While the crack has already been positioned and patched up by the area station’s crew, a extra everlasting answer is predicted as soon as particular restore tools reaches the ISS in February.
The crack found in the hull of the Russian phase of the International Space Station (ISS) in October might need been attributable to a micrometeorite affect, head of Russia’s area company Roscosmos Dmitry Rogozin stated.
During an interview on Rossiya 24 TV channel, he instructed that the injury might also be “technological” in nature, although he didn’t elaborate on this.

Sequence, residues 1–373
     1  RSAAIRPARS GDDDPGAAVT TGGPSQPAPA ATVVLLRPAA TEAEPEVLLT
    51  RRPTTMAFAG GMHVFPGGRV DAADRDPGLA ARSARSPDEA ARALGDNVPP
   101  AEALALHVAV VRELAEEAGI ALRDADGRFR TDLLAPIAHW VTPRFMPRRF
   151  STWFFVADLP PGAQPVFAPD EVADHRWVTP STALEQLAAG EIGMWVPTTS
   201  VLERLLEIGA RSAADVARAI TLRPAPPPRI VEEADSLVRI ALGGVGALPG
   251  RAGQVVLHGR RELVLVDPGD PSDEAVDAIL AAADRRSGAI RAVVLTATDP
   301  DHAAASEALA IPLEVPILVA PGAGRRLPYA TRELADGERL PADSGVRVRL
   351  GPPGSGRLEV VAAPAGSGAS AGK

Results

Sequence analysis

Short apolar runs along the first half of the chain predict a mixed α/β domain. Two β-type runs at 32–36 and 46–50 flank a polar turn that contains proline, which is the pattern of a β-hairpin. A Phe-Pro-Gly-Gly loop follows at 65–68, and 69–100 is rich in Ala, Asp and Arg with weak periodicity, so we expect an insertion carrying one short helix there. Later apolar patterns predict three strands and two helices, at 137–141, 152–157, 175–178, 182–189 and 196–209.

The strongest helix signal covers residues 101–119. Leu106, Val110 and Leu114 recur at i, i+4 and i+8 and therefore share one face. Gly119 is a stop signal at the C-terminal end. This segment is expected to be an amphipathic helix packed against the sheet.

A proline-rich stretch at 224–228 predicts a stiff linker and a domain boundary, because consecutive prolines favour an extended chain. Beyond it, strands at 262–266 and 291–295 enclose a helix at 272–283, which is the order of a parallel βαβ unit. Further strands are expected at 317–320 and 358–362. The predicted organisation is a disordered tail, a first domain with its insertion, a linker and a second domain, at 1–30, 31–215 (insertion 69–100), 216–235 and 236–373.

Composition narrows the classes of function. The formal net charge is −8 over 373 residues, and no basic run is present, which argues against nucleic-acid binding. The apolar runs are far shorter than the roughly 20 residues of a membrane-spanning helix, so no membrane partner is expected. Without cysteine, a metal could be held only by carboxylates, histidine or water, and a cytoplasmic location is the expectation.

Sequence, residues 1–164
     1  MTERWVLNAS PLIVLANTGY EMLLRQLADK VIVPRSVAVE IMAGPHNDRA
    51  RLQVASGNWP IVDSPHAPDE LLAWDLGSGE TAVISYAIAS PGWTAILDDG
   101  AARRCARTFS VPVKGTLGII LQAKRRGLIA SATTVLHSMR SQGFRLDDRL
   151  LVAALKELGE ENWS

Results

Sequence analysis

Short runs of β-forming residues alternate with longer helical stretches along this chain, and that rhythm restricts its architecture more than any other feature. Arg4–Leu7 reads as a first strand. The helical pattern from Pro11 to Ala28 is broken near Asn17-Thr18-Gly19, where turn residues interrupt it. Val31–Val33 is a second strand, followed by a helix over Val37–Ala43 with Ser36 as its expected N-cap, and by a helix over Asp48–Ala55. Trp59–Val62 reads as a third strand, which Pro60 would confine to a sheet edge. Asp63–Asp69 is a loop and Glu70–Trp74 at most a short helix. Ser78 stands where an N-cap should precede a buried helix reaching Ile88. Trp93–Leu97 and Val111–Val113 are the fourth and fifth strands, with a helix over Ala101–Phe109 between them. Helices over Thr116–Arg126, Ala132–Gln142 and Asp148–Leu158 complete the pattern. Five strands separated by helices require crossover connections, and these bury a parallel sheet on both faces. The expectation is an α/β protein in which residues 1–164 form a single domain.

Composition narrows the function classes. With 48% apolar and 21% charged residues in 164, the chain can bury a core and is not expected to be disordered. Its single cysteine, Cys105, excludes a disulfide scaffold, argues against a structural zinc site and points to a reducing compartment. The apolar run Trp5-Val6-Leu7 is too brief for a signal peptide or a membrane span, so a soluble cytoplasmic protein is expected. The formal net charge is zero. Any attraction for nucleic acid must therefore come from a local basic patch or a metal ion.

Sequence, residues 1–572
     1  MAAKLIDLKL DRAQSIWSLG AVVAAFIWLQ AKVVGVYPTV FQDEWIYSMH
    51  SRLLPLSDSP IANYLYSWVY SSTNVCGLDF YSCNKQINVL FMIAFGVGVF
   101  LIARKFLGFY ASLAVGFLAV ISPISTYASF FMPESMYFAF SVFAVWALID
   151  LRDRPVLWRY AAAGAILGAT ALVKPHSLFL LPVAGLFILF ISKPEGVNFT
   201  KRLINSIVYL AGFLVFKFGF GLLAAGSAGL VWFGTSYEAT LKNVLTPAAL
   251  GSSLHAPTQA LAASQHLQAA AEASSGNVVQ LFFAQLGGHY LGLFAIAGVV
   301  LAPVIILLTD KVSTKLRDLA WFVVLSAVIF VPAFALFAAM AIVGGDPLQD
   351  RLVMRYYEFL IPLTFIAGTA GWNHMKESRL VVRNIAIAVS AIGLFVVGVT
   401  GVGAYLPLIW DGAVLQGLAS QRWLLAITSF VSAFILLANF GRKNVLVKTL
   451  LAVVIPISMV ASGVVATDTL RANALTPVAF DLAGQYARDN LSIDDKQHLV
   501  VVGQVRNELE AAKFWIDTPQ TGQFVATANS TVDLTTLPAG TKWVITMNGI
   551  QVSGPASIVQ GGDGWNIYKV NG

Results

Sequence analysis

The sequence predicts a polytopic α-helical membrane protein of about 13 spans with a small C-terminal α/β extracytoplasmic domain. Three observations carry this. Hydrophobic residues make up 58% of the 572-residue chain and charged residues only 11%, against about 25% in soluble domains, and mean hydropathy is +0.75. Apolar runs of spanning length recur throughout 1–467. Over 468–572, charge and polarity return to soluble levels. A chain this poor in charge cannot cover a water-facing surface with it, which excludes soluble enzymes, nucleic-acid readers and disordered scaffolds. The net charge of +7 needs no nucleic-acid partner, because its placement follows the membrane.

The ISS’s Russian phase – the Zvezda module – has been leaking air since September 2019.
In October, the crack was found in the intermediate chamber of the module and patched up by cosmonauts stationed on the ISS.
Special restore tools is predicted to be delivered to the ISS in February to restore the injury completely. Sergei Krikalev, Roscosmos’ government director for manned programmes, stated the crew is presently trying to find one other potential air leak in the module.